Saturday Morning Musings - reflections triggered by Hey Jude

In a comment on last week's Monday Forum, kvd referred me to Tim de Lisle's essay in the GuardianNana na naaa! How Hey Jude became our favourite Beatles song. It's a well written piece that attracted a large comment stream, 1548 as I write. Some agreed, many others did not listing their favourite Beatle songs in order. Some attacked the Beatles, including a few lone defenders of classical music!

I do remember Hey Jude coming out, but not really the exact year. Looking it up, it was 1968, roughly when I thought.

One of the difficulties of growing older is that dates tend to blur, along with the detail of events. I am not talking about the aging process as such, although that can happen. It's rather that the present is always more intense, an intensity lost as that present recedes further into the past. The more presents there have been, the lower the intensity of preceding presents, the more memory is lost. Certain things stand out like increasingly distant mountains, but the detail and often accuracy is gone.

This process is a good thing. How can people heal from tragedy or trauma if the details remain fixed in their memory carrying the same emotional intensity? We need distance to put things in perspective. We need new experiences with new emotions. Healing may not be perfect, scars may remain, but the process allows us to move forward.

I am reminded of all this from time to time because I write so much history, including stories from the relatively recent past. My last Armidale Express column began:
Life can sometimes become too much. On November 18, 1920, William Ogilvie was found lying on his bed at Sydney’s Usher’s Hotel with a bullet wound in his temple, a revolver clasped in his right hand. He was only 58.   
Near his body were found a letter to his solicitor and telegrams to his wife and children. 
“Good-bye, my darling wife,” one telegram read, “I shall never see you alive again. I have written you to Ilparran today, explaining everything. Fondest love, my dearest dear.”      
I felt sad reading the material on his death because here was a man with a loving family, without money worries, for whom it had become just all too much. Yes, he appears to have been drinking too much, this is often a feature in such cases, but this is not a sufficient explanation. Knowing something about he and his broader family, I can surmise far more than I could put in 500 words.

I think it goes back to the decision to send him away to school in England at an early age, separating him from home including his grandmother for whom he seems to have been a favourite. Then after those years in England came his father's decision after William completed Oxford to send him back to Australia to start preparing to take over Yulgilbar. William seems to have been happy in England and close to his brother who was also living there.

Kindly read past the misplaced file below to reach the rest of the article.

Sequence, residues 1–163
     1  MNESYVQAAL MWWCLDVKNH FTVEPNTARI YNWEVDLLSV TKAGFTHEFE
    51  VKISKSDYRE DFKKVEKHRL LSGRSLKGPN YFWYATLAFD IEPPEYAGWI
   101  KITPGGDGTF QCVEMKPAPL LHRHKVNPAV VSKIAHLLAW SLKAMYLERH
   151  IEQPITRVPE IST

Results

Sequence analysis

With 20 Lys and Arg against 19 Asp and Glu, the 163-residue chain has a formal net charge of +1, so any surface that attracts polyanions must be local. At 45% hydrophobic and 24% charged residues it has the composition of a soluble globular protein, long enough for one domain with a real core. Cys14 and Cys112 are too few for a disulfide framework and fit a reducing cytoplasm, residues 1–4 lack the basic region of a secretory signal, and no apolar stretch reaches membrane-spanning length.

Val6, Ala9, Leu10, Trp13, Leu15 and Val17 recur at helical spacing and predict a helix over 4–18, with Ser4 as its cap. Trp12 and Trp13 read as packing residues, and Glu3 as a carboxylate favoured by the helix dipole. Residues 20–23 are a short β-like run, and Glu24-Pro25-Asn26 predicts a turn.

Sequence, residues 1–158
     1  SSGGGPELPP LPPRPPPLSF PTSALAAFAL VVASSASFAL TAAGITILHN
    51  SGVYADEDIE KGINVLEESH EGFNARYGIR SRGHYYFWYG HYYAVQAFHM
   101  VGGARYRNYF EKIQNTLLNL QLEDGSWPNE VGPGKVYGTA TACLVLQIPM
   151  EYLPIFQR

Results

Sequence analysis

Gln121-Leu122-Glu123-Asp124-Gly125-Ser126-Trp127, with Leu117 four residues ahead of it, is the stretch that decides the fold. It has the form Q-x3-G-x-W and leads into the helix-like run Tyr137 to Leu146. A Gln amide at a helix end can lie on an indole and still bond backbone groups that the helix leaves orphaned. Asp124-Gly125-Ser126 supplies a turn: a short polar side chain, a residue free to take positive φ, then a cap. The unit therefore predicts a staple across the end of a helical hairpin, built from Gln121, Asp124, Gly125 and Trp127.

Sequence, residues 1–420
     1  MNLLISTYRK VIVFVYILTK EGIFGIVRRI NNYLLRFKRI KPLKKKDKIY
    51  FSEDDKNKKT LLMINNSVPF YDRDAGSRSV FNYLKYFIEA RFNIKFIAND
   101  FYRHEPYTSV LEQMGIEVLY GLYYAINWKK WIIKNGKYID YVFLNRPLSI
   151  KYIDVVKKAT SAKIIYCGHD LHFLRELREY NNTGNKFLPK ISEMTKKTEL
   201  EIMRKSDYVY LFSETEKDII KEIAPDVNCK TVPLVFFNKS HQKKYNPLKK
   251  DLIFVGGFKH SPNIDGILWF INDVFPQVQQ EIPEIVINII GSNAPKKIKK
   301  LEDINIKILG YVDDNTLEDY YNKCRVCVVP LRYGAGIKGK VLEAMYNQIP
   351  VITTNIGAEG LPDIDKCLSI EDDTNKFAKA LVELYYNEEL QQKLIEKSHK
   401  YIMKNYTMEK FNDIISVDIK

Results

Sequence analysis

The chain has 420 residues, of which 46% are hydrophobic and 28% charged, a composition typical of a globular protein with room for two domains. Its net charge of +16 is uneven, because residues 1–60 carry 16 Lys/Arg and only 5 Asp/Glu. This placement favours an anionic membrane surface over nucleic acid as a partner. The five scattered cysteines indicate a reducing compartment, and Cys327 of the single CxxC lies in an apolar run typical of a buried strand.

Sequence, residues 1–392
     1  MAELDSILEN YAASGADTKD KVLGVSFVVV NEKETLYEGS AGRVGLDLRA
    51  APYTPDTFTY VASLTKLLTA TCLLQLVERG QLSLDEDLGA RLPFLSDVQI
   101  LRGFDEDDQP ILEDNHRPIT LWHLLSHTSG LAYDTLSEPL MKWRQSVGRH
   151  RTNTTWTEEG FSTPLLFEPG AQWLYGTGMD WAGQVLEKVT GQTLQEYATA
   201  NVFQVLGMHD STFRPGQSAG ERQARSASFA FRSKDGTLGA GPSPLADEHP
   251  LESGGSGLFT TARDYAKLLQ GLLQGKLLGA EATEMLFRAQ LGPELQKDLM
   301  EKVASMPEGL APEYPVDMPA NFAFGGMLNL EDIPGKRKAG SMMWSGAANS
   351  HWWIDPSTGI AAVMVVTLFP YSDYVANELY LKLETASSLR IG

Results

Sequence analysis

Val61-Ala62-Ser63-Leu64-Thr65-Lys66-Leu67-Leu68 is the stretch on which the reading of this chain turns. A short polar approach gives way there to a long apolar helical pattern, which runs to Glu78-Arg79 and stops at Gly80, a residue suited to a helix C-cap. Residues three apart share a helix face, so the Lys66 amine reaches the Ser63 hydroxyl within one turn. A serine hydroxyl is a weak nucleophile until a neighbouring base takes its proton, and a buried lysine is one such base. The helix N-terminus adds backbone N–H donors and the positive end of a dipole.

Relationships with fathers are often complex, Edward Ogilvie was becoming increasingly irascible and authoritarian. His daughters, poet Robert Browning's beloved octet, would shortly escape into marriage. His brother would remain in England. For William's part, he was sent back to a country he now barely knew to learn his trade from a station manger who continued to live in the big house, who excluded him. When William raised objections and concerns with his father about the way the manager was treating family interests, he was ignored.

Later, his father would be forced to take action, to put aside his extended idyll in Europe and especially Florence, a city Edward had fallen in love with, to return to stabilise the family fortunes. By then, the break between William and his father had become permanent. Now well-off in his own right, it seems that William was left without a proper anchor or degree of purpose.

All this is surmise. although (I think) reasonable surmise. What I had not expected is that the column would draw comments from people whose own fathers had committed suicide, where the wounds were still raw. That past was still very present.

While the passage of time does lead to sometimes necessary blurring, there are times when you would like to remember. Hey Jude is a case in point, That period of my life once so bright, so clearly delineated in bright light, has become vague. But this is where the historian comes in!

Following kvd's comment, I went back checking dates. I find that if I remember something to which I can attach a date, it becomes easier to remember and check events and feelings surrounding that. It was something of a trip down nostalgia lane, Maybe I will write something on that. But not today!